For those who attended last November’s grand mixer, in partnership with the Japan Business Association, a glimpse of Port of Los Angeles history and how vital that entire area is to the business community was provided. The Los Angeles Maritime Museum, host of the event, is an active and valued member of the Torrance Area Chamber of Commerce.

The Los Angeles Maritime Museum located at 600 Sampson Way, Berth 84, in San Pedro provides guests the opportunity to discover the history of the harbor, enjoy a front-row view of busy ship traffic, and explore all that the museum has to offer. The museum has an exhibit that chronicles the once thriving San Pedro fishing industry, including a special display, Taminaru, A Day in the Life of a Japanese American Fishing Village, models of merchant ships and a fully operational ham radio station. Additionally, the museum operates the tugboat, Angels Gate, which provides narrated tours for museum members. Other than the removal of her machine guns and military hardware, Angels Gate appears as she did when she first launched.

Tomorrow, the museum is proud to unveil a special preview of a new exhibit, “USS Los Angeles SSN-688”, a nuclear attack submarine. The USS Los Angeles represented the latest in technology when launched in 1974 and spent over 30 years patrolling the Pacific before being decommissioned in January 2010 in the Port of Los Angeles, Los Angeles, California her namesake city. “Guests will have the opportunity to view recreations of the berthing and galley areas with original artifacts preserved from the USS Los Angeles, learn about life in the ‘Silent Service’ and enjoy an interactive timeline, videos and much more,” exclaimed Marifrances Trivelli, executive director.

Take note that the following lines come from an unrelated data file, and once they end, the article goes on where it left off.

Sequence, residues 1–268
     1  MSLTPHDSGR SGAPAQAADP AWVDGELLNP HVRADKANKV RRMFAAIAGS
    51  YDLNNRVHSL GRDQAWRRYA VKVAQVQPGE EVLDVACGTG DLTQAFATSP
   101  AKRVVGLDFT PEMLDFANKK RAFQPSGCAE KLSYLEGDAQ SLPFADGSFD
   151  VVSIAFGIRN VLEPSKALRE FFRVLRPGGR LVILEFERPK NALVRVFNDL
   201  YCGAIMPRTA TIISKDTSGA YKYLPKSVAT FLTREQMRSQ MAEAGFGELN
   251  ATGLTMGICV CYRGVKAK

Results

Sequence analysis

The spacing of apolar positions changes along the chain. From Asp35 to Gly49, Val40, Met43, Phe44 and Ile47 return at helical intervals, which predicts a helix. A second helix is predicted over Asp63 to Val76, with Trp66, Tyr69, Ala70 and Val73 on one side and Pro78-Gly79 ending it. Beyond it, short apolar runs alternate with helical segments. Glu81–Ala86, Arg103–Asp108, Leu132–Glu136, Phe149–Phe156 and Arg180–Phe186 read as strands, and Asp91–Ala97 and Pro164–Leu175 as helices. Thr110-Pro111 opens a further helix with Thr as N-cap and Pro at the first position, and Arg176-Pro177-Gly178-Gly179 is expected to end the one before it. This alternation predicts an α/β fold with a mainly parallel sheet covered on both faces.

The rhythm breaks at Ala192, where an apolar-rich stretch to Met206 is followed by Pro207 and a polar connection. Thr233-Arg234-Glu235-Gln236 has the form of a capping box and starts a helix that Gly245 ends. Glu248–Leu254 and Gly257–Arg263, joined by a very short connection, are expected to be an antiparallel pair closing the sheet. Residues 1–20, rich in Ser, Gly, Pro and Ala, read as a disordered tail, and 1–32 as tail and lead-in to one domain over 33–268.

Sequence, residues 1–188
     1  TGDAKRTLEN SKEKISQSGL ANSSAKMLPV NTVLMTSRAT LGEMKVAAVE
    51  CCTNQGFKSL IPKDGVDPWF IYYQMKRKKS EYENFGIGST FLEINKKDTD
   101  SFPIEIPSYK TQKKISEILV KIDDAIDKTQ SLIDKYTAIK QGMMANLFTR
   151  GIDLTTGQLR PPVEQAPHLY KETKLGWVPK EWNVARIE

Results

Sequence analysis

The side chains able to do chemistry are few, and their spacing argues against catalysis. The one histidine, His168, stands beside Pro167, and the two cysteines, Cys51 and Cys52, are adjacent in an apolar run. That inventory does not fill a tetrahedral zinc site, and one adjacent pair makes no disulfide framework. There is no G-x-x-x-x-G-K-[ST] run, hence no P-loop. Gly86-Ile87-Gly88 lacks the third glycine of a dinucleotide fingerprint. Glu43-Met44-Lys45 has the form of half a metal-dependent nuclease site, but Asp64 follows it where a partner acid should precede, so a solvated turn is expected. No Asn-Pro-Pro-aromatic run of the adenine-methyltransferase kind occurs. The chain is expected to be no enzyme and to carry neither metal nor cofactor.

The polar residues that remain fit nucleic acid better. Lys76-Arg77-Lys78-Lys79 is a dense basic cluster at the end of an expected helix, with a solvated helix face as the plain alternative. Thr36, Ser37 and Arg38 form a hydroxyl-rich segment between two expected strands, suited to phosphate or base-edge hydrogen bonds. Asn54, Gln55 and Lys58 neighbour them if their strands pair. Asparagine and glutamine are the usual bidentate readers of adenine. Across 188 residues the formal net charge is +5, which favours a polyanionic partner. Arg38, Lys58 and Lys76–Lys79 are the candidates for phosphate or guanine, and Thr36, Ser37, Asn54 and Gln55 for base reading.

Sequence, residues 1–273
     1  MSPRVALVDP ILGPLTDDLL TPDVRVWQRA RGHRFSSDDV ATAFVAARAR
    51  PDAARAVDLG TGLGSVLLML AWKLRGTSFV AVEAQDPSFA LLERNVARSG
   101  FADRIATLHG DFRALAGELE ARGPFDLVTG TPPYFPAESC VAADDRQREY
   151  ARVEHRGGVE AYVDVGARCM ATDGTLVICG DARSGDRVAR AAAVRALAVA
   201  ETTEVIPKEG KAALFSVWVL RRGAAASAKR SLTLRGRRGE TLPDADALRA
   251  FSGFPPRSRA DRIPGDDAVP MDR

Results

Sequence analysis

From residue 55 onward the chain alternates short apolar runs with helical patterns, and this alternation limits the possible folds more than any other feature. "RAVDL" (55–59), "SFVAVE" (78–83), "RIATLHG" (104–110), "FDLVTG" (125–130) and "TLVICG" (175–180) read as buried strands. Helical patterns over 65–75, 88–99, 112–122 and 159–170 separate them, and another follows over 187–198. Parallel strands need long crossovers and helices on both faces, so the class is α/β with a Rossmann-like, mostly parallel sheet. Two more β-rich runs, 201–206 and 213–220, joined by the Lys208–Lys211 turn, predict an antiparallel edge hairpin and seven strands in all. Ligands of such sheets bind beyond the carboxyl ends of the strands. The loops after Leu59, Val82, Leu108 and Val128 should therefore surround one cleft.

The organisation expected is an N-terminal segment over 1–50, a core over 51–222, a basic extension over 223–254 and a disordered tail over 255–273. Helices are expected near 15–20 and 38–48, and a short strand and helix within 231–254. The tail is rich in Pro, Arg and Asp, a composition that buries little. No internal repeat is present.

Having visited the museum several times, I am continually amazed with the ‘something new’ I learn from each excursion. The exhibit of ship models is always of interest to me. On this visit, Trivelli spent some time explaining to me the model of the S.S. Catalina, “The S.S. Catalina was built expressly for the Catalina Island route at the Los Angeles Shipbuilding and Drydock company in 1924. Known as the ‘Great White Steamer’, it was the largest of its fleet carrying 1,950 passengers. The Catalina ran from the Island and back until 1976, except during World War II when she transported troops to San Francisco.”

As we continued up a long ramp viewing several other ship models, Trivelli highlighted the interactive children’s area. This hands-on area also serves as the best view of the Los Angeles Harbor. As we looked out a large window, I noticed several cargo ships at dock with a flurry of activity on each. As with all businesses I visit for this column, I am in awe of the history of each and what an impact each makes on our communities. The Los Angeles Maritime Museum is no different. If you haven’t had the opportunity, please consider visiting. The museum is open year-round and provides tours for veterans, civic groups, seniors and students. Information can be obtained by calling (310) 548-7618 or by visiting    

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